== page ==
Reviews: Who visits your website? Find out with Google Analytics

Title: Who visits your website? Find out with Google Analytics
Contact Information for Product/Service
Reviewer’s Name and Contact Info (email):

Sarah Bankston
School of Information & Library Science
UNC Chapel Hill

Date of Review
: January 15, 2012

Google Analytics, a web analytics tool produced by Google, is optimized for e-commerce sites, but it can be leveraged for use within libraries. Using a process called page tagging, Google Analytics tracks visitor activity on websites. Despite some limitations, Google Analytics can be used most effectively to strengthen library websites and identify user trends for follow-up assessment.

Released in 2005 as a free product, Google Analytics employs JavaScript to write and track first-party cookies. Google presents the data gathered to website owners via reports in Google Analytics. Anyone with a Google account and access to a website’s code can get started. Once an account is created, Google provides users with a piece of JavaScript tracking code to insert in their website’s code.  For best performance, the JavaScript snippet will need to be inserted on all pages of the website before the closing </head> tag.  It generally takes about 24 hours after adding the JavaScript for data to start appearing in your Google Analytics reports.

Google Analytics presents reports on the data gathered in 5 main categories: Audience, Advertising, Traffic Sources, Content, and Conversions. The Advertising category is linked to AdWords and, while heavily used in e-commerce, is not very useful for libraries. In addition to these reports, there is a customizable dashboard in Google Analytics where users can display their most frequently used reports.

To generate reports, the user sets the desired date range or, in the case of comparison, two date ranges. The reports in Google Analytics offer a variety of visualization options, including charts and map overlays. The data can be exported in CSV, TSV, and CSV for Excel formats. In the old version of Google Analytics, users could export to PDF and schedule reports to be emailed; though Google says these two features are forthcoming, they are not yet available in the new version.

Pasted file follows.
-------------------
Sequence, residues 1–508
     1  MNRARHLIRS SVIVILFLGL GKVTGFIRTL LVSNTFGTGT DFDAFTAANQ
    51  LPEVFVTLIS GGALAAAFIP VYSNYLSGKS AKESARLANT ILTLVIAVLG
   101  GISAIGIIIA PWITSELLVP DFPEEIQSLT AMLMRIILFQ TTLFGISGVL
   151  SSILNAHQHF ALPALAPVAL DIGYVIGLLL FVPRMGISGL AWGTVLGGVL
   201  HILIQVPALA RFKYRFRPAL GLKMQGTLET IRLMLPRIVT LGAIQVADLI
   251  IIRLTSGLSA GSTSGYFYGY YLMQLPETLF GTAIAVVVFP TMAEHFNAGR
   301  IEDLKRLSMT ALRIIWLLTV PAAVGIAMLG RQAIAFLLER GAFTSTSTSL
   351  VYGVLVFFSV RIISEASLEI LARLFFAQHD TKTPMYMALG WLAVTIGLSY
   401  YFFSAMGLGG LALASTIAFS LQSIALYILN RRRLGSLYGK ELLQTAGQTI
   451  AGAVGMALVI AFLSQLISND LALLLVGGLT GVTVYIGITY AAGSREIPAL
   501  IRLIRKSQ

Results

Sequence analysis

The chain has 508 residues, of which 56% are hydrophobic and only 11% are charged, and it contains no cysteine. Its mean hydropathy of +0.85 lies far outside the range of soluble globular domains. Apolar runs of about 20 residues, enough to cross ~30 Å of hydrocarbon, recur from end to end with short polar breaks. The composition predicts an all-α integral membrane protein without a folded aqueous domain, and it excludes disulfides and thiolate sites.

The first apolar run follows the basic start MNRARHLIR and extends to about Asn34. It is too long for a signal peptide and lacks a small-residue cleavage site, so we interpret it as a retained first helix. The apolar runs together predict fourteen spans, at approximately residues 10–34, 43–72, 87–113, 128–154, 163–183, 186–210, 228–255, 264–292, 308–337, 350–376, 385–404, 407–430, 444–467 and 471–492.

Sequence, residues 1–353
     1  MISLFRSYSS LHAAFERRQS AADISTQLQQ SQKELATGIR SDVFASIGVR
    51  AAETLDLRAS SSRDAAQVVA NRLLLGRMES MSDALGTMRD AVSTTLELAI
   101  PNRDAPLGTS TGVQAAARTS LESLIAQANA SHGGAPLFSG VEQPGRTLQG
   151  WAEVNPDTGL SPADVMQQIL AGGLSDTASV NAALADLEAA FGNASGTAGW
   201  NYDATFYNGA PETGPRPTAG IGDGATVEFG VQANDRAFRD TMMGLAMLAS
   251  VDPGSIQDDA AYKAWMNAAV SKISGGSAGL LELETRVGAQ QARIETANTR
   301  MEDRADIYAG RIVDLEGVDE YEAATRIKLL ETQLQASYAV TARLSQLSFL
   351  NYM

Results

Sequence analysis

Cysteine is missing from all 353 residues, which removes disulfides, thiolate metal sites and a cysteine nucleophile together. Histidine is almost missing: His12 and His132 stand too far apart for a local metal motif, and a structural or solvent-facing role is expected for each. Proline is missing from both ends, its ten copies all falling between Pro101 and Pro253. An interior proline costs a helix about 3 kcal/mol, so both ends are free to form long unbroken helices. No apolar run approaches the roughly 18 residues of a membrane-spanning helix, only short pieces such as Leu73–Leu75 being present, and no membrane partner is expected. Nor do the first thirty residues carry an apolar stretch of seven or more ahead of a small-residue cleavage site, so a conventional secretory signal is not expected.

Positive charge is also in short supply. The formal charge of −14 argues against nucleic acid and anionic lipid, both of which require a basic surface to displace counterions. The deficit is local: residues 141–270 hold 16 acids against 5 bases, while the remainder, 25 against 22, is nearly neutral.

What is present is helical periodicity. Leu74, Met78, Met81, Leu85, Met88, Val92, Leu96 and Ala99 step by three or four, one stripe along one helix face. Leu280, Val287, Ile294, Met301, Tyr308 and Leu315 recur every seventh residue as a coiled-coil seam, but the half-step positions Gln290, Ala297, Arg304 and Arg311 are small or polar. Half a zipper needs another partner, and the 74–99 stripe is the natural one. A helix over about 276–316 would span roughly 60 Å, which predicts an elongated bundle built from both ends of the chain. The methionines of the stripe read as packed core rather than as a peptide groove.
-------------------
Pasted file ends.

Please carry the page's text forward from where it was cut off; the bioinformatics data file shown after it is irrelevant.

The most common use of Google Analytics is to analyze visitor behavior to make informed decisions when editing a library’s website. Articles can be found in the literature that detail how particular libraries have utilized Google Analytics to redesign or update their websites.  At least one library has made use of the ability to insert JavaScript into screencasting programs in order to track use of library tutorials. In-page Analytics, a feature in Google Analytics that allows users to see the percentage of clicks each link on a page receives, can be useful in determining how visitors are interacting with a page. Goals can be set up with an accompanying funnel to track how visitors proceed through a set group of pages to get to a particular goal page.

Although the possibilities of Google Analytics are exciting, there are some important considerations. First, although the data in the reports is anonymous, it is necessary to have a privacy policy in place that lets visitors know your website uses cookies to track visitor traffic. In addition to being good practice, this is required by the Google Analytics Terms of Service. Second, since the information is gathered through the use of first-party cookies, the data can be skewed somewhat if users delete their cookies. For example, someone who visits the site, deletes her cookies and then visits again will be counted as two unique visitors (rather than two visits by one unique visitor). Also, it is possible to block Google Analytics, so the data won’t capture visitors who have chosen to do so. Finally, it is important to keep in mind that what is represented in the reports is the general trend of website activity, but this activity is presented without context. You can see that visitors tend to behave a certain way, but you don’t know why they are doing so.  Knowing this, Google Analytics can be a valuable tool for ascertaining trends in order to inform other assessment activity within the library.

Google Analytics offers users an amazing amount of data about their website visitors. Primarily geared toward e-commerce, some of the functionality of Google Analytics isn’t relevant to libraries. More importantly, the data is given without context, allowing users to see how website visitors are behaving but not why. In light of this, Google Analytics is most powerful as a tool for gathering information to complement and inform other library assessment efforts.

Statistics and Analytics: Ways to Record Library Interactions

How do we know if our library community is using the programs or services that our library offers? How do we know if our time is well spent in staffing these services? What products are put there that can help us record and use all of this information to help improve or develop new resources or services to engage our library patrons? RUSA MARS’ Products & Services committee has put together reviews of different options for libraries to track all sorts of stats.

If there are questions about a specific product/service, please contact the reviewer directly. If there are suggestions for other products to review, please contact the Chair of the Products & Services committee, Ngoc-Yen Tran at nttran[at]

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